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Lightspeed Commerce has a huge upside, says National Bank

Solid quarterly numbers have National Bank Financial analyst Richard Tse holding the line on Canadian tech company Lightspeed Commerce (Lightspeed Commerce Stock Quote, Charts, News, Analysts, Financials NYSE:LSPD), despite the severe pullback in the stock. Tse delivered a research update on Thursday where he reiterated his “Outperform” rating for LSPD and $65.00 target, representing at the time of publication a projected one-year return of 186.6 per cent.

Montreal’s Lightspeed Commerce reported fourth quarter fiscal 2022 earnings on Thursday for the period ended March 31, 2022. The quarter featured revenue up 78 per cent year-over-year to $146.6 million, with Subscription revenue up 77 per cent and hitting $70.5 million and Transaction-based revenue up 88 per cent to $66.7 million. The company’s net loss for the quarter was $114.5 million or $0.77 per share compared to a net loss of $42.0 million or $0.34 per share a year earlier. Adjusted EBITDA was figured at a loss of $19.7 million compared to a loss of $9.6 million a year earlier. (All figures in US dollars.)

The fiscal year was an eventful one for the payments and e-commerce company which had made a number of major acquisitions, seen through a short-seller attack and now had its share price shredded since this past September. Then, the stock hit a high of $158 but has plunged to now $28 as of midday trading on Thursday. 

In its quarterly commentary, management highlighted the launches this year of its two flagship offerings in Lightspeed Retail and Lightspeed Restaurant, saying the platforms equip SMB’s worldwide with the tools to meet the growing (and returning) demand for shopping and dining.

“Consumers are once again dining out and shopping in person, filling up restaurants and stores in cities and neighbourhoods all around the world,” said CEO JP Chauvet in a press release. “With the fear of further lockdowns currently abating, merchants and restaurateurs are operating in a more favorable environment where they can create new concepts, invest in technology and open new locations. This is an environment where Lightspeed will truly shine.”

Looking at the quarter, Tse called it a strong performance driven by organic growth (48 per cent year-over-year in subscription and transaction-based revenue), while the EBITDA loss of $19.7 million was better than expected. The National Bank call on Q4 revenue was $140.3 million (consensus was $140.8 million) compared to LSPD’s realized $146.6 million, while the $19.7 million EBITDA loss was less than Tse’s estimated loss of $23.3 million and the Street’s call for a loss of $20.4 million.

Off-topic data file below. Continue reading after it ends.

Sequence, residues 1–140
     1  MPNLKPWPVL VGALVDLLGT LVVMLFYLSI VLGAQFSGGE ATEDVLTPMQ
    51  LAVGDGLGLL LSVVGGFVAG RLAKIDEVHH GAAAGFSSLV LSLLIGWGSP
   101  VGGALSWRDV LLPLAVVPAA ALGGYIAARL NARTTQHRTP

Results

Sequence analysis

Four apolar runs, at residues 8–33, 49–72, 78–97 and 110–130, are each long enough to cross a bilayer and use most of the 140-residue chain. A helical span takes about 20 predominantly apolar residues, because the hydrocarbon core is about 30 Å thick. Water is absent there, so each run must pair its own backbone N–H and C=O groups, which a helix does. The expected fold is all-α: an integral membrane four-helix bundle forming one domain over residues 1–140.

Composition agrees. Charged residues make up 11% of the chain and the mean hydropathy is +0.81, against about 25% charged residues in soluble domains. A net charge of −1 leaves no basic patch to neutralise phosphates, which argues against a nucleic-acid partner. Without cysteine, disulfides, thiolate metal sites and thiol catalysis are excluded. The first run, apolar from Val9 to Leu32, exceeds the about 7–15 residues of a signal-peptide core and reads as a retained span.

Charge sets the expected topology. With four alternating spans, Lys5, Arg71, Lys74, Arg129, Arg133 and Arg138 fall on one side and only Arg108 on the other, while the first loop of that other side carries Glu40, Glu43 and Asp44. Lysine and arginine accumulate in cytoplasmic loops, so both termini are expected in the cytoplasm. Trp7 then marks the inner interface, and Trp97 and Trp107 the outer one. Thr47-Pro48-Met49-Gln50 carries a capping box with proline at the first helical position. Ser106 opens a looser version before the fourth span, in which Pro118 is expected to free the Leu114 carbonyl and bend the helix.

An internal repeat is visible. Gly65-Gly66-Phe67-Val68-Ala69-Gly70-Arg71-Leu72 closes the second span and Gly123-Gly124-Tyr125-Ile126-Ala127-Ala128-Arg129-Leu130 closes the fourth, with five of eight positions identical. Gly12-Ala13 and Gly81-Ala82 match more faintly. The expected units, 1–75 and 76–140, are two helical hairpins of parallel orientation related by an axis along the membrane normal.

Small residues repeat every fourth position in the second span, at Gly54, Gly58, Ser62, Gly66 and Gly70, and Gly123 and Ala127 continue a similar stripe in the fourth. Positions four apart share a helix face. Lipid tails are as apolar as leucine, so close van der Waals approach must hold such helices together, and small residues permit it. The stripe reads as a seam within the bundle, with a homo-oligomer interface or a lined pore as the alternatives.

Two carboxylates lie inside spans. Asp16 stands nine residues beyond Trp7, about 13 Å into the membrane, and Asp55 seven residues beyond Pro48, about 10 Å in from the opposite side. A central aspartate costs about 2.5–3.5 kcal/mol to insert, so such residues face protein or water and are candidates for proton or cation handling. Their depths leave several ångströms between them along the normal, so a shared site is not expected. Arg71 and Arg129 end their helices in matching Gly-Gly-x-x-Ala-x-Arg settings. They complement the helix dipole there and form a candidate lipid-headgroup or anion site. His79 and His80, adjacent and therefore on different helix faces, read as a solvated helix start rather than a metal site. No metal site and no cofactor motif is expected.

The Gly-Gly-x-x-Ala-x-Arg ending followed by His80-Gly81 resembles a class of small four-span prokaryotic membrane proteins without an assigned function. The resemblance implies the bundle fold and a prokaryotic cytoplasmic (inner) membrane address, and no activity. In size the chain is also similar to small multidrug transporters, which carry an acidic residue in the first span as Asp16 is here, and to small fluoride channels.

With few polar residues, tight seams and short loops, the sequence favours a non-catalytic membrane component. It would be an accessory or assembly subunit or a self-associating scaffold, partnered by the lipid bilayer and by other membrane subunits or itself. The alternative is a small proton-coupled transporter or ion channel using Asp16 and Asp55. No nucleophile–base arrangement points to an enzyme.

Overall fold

Tse said key takeaways from the quarter start with Lightspeed’s Payments, which the analyst said is still just scratching the surface. Lightspeed processed $2.2 billion in Payments volume, up 132 per cent year-over-year. Tse noted that Payments processed as a percentage of Total Gross Transaction Volume in the quarter was 12.0 per cent, up from 10.8 per cent in the fiscal Q3 and up from 8.8 per cent for Q4 fiscal 2021.

“Moving forward, we see scaling adoption of payments in Europe as well given a global roll-out. That global roll-out should also be accelerated by Lightspeed’s new (flagship) Restaurant and Retail offerings which integrate analytics based on payments,” Tse wrote. 

“The reality is that Lightspeed is still in the early days when it comes to Payments particularly given a natural target of 50 per cent attach rates using comparable names. Payments was a big part of our growth thesis since initiating coverage and the results are actually coming in better than those initial expectations as Lightspeed overlays Payments onto organic and acquired merchant growth. Bottom line, there’s a lot of runway,” he said.

Secondly, Tse said all the company’s key performance indicators were heading in the right direction, with subscription and transaction-based revenue of $137.3 million up 82 per cent year-over-year, customer locations ending the fiscal year at 323,000 locations, up 205 per cent from the previous year (and including 160,000 merchants added with the acquisition of Ecwid. Also, monthly ARPU (excluding Ecwid) increased in the quarter by 26 per cent year-over-year to $270 from $215 per location, with more customers adding modules.

“Management believes a fully penetrated ARPU (ex-Ecwid) could be 3-4x higher as it rolls out new offerings such as its Supplier Network,” Tse said.

Finally, Tse pointed to management’s fiscal 2023 guidance and its delineated path to profitability, which came in above his and the consensus expectation: the company called for full 2023 revenue and adjusted EBITDA of between $740 and $760 million and between negative $35 and negative $40 million, respectively. On profit, management said it expects fiscal 2024to be its first profitable fiscal year.

Tse said, “In our view, while that expectation is likely further out than the market was hoping for (expectation ~ EBITDA positive exiting F23) a formal timeline provides an important tangible goalpost under the current market backdrop for tech stocks. More importantly, with just under $1 billion in cash, Lightspeed has more than enough to take it to profitability under the current burn rate.”

“We reiterate our Outperform rating on LSPD with a target price of US$65 (unchanged) based on our multi- stage DCF that captures the Company’s longer-term outlook with outsized growth from both merchant additions and increasing ARPU care of products like Payments and eCommerce. Our target implies a valuation on EV/Sales of 8.7x on F24E (C23) (was 9.3x),” Tse wrote.

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